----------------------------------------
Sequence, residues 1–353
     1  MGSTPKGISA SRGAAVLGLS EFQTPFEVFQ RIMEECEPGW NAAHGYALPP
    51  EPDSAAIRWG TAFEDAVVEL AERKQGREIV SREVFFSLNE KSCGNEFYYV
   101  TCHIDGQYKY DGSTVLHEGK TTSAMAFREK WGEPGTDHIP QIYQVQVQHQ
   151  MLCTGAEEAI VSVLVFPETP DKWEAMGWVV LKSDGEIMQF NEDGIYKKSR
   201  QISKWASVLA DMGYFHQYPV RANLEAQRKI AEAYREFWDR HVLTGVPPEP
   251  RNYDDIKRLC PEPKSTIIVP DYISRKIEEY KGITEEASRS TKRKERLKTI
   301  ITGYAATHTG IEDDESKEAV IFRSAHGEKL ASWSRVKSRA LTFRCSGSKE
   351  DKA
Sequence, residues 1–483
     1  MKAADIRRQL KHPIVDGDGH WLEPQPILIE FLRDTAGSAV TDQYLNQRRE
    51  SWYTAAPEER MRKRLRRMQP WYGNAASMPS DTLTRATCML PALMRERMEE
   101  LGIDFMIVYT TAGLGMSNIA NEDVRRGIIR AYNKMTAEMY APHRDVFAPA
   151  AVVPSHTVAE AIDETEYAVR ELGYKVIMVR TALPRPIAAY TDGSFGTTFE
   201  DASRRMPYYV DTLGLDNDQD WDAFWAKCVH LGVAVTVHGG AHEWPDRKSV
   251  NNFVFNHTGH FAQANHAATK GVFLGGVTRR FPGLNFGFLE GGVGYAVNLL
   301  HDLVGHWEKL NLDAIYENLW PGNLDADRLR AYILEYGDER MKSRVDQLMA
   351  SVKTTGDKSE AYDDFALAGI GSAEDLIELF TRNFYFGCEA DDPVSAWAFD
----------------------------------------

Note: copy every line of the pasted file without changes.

Sequence, residues 1–353
     1  MGSTPKGISA SRGAAVLGLS EFQTPFEVFQ RIMEECEPGW NAAHGYALPP
    51  EPDSAAIRWG TAFEDAVVEL AERKQGREIV SREVFFSLNE KSCGNEFYYV
   101  TCHIDGQYKY DGSTVLHEGK TTSAMAFREK WGEPGTDHIP QIYQVQVQHQ
   151  MLCTGAEEAI VSVLVFPETP DKWEAMGWVV LKSDGEIMQF NEDGIYKKSR
   201  QISKWASVLA DMGYFHQYPV RANLEAQRKI AEAYREFWDR HVLTGVPPEP
   251  RNYDDIKRLC PEPKSTIIVP DYISRKIEEY KGITEEASRS TKRKERLKTI
   301  ITGYAATHTG IEDDESKEAV IFRSAHGEKL ASWSRVKSRA LTFRCSGSKE
   351  DKA
Sequence, residues 1–483
     1  MKAADIRRQL KHPIVDGDGH WLEPQPILIE FLRDTAGSAV TDQYLNQRRE
    51  SWYTAAPEER MRKRLRRMQP WYGNAASMPS DTLTRATCML PALMRERMEE
   101  LGIDFMIVYT TAGLGMSNIA NEDVRRGIIR AYNKMTAEMY APHRDVFAPA
   151  AVVPSHTVAE AIDETEYAVR ELGYKVIMVR TALPRPIAAY TDGSFGTTFE
   201  DASRRMPYYV DTLGLDNDQD WDAFWAKCVH LGVAVTVHGG AHEWPDRKSV
   251  NNFVFNHTGH FAQANHAATK GVFLGGVTRR FPGLNFGFLE GGVGYAVNLL
   301  HDLVGHWEKL NLDAIYENLW PGNLDADRLR AYILEYGDER MKSRVDQLMA
   351  SVKTTGDKSE AYDDFALAGI GSAEDLIELF TRNFYFGCEA DDPVSAWAFD